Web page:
A little over a hundred years ago Anna Ticho got off the ship in the port of Jaffa. She later wrote of that moment, "I was in love with this land at first sight. ". This love grew on me and to express it became this content of my life – and the expression of the spirit of Jerusalem."."

The great love for Israel, and especially Jerusalem, its landscapes and people, is the focus of a new exhibition at the Ticho House. The exhibition shows 70 years of varied work from her days as a young woman in early twentieth century Vienna, to her late works in Jerusalem, when she was already a recognized artist in Israel and around the world.

"The exhibition offers an opportunity to explore Ticho's work and to deepen our understanding of the changes in her work over time, while placing an emphasis on masterpieces characteristic of her work of each period," says Timna Seligman, curator of the exhibition.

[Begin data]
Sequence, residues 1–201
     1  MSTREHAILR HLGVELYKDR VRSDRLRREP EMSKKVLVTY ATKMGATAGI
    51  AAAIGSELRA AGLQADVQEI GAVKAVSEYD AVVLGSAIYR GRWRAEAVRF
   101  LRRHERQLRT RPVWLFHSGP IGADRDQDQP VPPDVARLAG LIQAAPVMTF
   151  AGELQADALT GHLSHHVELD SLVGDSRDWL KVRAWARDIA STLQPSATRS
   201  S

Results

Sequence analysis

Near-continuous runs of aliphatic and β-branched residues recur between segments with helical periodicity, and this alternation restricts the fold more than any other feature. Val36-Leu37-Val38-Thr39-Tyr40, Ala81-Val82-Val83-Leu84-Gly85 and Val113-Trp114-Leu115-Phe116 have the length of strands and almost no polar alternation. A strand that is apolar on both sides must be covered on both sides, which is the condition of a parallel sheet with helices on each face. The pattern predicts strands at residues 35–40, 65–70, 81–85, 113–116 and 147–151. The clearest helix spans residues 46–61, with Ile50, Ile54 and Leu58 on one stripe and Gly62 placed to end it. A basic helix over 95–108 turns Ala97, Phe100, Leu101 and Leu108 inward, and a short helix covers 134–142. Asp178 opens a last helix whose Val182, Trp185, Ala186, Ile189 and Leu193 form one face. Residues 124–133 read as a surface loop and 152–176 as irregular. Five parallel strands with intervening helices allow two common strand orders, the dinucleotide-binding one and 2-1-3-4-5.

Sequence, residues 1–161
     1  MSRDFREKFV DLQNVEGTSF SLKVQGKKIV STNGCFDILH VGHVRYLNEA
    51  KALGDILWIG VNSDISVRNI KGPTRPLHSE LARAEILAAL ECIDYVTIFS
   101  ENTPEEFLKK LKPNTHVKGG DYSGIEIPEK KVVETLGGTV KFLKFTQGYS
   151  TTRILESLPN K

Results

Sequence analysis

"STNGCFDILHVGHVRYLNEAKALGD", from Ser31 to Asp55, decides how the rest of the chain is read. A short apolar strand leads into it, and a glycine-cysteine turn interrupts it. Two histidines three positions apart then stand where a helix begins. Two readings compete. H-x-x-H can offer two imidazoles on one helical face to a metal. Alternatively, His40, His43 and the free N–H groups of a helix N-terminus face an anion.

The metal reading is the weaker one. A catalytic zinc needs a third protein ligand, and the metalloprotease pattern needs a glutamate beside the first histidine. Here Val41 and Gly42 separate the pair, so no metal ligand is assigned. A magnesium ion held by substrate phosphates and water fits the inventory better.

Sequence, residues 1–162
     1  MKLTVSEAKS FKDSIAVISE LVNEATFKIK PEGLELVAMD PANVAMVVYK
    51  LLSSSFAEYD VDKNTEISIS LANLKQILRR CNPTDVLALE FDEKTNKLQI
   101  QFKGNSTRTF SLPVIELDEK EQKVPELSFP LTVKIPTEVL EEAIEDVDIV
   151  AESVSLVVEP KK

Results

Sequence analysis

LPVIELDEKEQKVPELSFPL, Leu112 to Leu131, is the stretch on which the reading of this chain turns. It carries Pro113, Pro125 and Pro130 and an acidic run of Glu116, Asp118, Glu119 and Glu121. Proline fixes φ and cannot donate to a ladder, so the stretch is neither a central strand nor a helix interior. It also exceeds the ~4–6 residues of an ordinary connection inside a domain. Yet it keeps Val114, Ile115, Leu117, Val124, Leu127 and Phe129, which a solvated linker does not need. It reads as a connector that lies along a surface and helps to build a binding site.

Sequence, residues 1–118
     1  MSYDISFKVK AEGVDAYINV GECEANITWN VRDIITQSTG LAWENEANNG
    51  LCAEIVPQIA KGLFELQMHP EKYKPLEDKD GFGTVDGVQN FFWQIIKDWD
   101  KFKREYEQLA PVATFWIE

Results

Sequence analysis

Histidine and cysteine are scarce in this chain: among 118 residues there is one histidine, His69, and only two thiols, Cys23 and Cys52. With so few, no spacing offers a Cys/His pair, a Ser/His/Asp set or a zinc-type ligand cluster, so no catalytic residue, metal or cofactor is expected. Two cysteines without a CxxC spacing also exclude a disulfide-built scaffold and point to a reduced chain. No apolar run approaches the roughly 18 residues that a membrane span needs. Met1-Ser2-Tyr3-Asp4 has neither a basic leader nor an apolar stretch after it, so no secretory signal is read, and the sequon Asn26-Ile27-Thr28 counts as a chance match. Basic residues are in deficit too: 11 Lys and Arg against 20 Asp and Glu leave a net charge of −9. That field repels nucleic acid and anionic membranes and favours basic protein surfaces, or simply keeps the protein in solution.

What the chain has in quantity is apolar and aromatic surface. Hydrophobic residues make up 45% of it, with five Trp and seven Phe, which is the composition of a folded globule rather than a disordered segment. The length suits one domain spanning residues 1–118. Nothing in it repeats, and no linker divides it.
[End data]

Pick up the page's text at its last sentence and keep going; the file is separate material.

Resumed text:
Anna Ticho was born in 1894 in Brno, the capital of Moravia, part of the Austro-Hungarian Empire. She began to study art at the age of 15, after her family moved to Vienna, which was then the cultural center of Europe and a center of avant-garde activity.

The exhibition covers Ticho's different periods and styles over the years; From the first works, drawn in Vienna at the beginning of the 20th century; Through the small drawings of Israel landscapes in charcoal, pencil, and watercolors; Jerusalem, its people and the surrounding landscape; To a series of nude sketches, large format watercolor flowers, and expressive pastels of the Jerusalem hills from the 1970s.

"Ticho's works develops from detailed naturalistic style to abstract and expressive," says Seligman. "This development was also apparent in the materials she used over the years, including ink, graphite, charcoal, watercolor, pastels, and oil."

In 1980, Anna Ticho was awarded the Israel Prize for her contribution to art, and in the same year she died and was buried next to her husband in Jerusalem.

A new video work If You Loved Me and If by the artist Dorian Gottlieb, accompanies the exhibition. In it Gottlieb's camera captured landscapes through the train window on the journey from Beit Shemesh to Jerusalem – Anna Ticho's landscapes of the Jerusalem Mountains in motion.